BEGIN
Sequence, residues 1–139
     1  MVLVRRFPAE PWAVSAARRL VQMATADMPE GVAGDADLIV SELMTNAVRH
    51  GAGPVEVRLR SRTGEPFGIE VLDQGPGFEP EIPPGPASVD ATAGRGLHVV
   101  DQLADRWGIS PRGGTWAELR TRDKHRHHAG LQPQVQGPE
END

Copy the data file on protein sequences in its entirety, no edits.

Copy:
Sequence, residues 1–139
     1  MVLVRRFPAE PWAVSAARRL VQMATADMPE GVAGDADLIV SELMTNAVRH
    51  GAGPVEVRLR SRTGEPFGIE VLDQGPGFEP EIPPGPASVD ATAGRGLHVV
   101  DQLADRWGIS PRGGTWAELR TRDKHRHHAG LQPQVQGPE